I usually don’t like short stories. I
tend to feel that many of the short stories I read are more teasers for the
real series and thus lacking substance to reel the reader fully in.
Patricia Briggs’ short stories do not
fall into this category.
Now that said, I would not recommend
this anthology for newcomers to Briggs’ Mercy series. Part of the magic of this
anthology is Briggs’ sensational ability to create compelling stories that fill
in much of the eagerly anticipated backstories of many of the secondary
My personal favorite of these stories
was Silver which illuminated much of
Samuel, Bran, and Arianas’ backstories, thus finishing the story that began in Silver Borne. Readers finally are able
to get a taste of Samuel and Bran’s turning, the torture inflicted upon them
while they were under the control of Bran’s mother, and the love born between
Samuel and Ariana. On top of that, Silver
is more of a novella than a short story, spanning 70 pages, thus allowing
Briggs is really able to get to the meat of the story. Personally I’d recommend
this anthology based solely on this story alone.
Of course there’s more than just this
story, some of my other favorites included In
Red, with Pearls, which is told from Warren’s POV, Redemption, which illuminates Ben’s backstory and is told from his
POV, and Hollow, which is a Mercy POV
story that takes place AFTER Night Broken, so fans of the series that are
already in Mercy withdrawal can get a fix with some events that take place
after the most recent book in the series,
This anthology includes new stories:
Previously released stories:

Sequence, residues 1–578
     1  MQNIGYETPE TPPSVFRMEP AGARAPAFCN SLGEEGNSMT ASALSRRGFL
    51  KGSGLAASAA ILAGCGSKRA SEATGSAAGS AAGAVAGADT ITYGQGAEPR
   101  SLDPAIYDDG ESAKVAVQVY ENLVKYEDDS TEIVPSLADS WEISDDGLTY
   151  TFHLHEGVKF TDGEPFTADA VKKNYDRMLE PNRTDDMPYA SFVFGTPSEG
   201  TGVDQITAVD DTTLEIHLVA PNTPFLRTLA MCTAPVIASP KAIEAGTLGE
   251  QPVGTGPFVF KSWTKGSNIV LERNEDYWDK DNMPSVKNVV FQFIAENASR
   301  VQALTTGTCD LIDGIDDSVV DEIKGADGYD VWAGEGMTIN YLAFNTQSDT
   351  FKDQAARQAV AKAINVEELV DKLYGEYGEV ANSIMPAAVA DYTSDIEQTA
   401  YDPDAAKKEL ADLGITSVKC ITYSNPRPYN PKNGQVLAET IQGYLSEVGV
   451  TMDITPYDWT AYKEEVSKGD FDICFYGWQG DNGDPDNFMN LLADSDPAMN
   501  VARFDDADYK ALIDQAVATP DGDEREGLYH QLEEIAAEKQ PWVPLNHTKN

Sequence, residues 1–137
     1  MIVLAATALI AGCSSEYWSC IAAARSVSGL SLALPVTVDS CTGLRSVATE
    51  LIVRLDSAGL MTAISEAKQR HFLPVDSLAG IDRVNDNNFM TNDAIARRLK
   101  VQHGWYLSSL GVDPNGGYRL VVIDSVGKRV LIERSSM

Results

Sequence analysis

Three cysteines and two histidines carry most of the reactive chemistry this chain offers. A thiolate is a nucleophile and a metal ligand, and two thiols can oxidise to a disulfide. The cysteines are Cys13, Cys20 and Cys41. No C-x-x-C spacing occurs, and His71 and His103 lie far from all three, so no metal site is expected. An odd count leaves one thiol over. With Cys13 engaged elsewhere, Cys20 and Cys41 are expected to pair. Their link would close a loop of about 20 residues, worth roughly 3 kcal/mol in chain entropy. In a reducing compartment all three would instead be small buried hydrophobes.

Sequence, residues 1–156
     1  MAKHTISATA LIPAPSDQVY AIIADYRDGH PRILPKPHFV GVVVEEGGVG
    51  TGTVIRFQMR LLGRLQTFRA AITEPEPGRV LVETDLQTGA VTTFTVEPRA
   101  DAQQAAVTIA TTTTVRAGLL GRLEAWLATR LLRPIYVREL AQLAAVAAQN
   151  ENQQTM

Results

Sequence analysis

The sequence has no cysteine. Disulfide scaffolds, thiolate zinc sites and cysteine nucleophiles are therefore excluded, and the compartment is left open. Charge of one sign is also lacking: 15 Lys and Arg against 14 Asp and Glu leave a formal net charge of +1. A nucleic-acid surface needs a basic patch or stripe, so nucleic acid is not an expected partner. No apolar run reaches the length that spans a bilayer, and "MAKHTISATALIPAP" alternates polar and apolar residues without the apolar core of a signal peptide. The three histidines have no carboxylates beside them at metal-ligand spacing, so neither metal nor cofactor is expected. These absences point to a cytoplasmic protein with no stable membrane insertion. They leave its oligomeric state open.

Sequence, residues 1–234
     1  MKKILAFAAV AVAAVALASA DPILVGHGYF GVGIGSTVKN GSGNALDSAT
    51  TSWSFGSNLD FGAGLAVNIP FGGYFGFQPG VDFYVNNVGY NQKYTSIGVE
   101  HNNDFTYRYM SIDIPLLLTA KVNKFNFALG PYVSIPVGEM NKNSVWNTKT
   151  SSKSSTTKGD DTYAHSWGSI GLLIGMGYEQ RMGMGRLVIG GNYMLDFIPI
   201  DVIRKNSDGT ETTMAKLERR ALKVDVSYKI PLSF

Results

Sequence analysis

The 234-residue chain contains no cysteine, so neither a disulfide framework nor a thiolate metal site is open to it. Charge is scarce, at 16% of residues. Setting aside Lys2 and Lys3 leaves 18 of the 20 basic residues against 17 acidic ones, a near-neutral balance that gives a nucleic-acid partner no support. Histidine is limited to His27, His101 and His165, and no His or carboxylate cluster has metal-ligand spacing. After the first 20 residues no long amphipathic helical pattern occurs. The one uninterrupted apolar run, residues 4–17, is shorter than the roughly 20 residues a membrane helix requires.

Star of David
Red, with Pearls
And some extra chapters from Night Broken and Silver Bourne.
All in all, I highly recommend this
anthology for fans of the Mercy series. Many of the stories are closer to
novellas than short stories, and if you haven’t read Briggs’ Alpha and Omega
series, then this is the perfect opportunity as the novella that started the
series is included in the selection of previously released material included in
this book. Great buy.
Toby thought she understood her own past; she thought she knew the score.
She was wrong.
It's time to learn the truth.
The first thing I have to say about
Seanan McGuire is that her October Daye series gets better with each book.
While I’ve liked each book, I’ve found that with each successive book in the
series the overall series and each book got better, to the point that now when
a new book in the series comes out I have to immediately go buy a copy and
often finish it that day.
Winter Long is no exception to this.
Not only is The Winter Long a riveting mystery filled with more action, magic,
and drama than you could swing a Cait Sidhe at, but it also finally answers
many of the questions that were posed in the first book in the series.
On top of it all McGuire has done
something I’ve seen only a precious few other authors do successfully, turn
their entire world upside down. That’s what The
Winter Long is, it’s a complete reversal from everything readers and fans
of the series have known from the first book in the series. This is the turning
point and while McGuire has built upon changes created from previous books in
the series, she executed a perfect shift for the others leaving readers utterly
unable to control their collective jaws from dropping.
This summersault of the story is not
jarring though, McGuire has done a fantastic job balancing the events so that
it is possible, believable, and yet still shocking to readers. Thus tricking
readers and leaving fans of the series shocked and surprised, a truly
magnificent feat for an 8th book in a series.
Through all of this McGuire leaves her
readers stymied and eagerly awaiting the next installment in the series, and if
that isn’t the sign of a fantastic book than I don’t know what is. I highly
Jack and his father have never seen eye to eye…until Jack’s dad gives him the chance to transfer to Oakhurst his junior year. His dad sees it as a way for Jack to get into a good college; Jack sees it as refuge from his dad.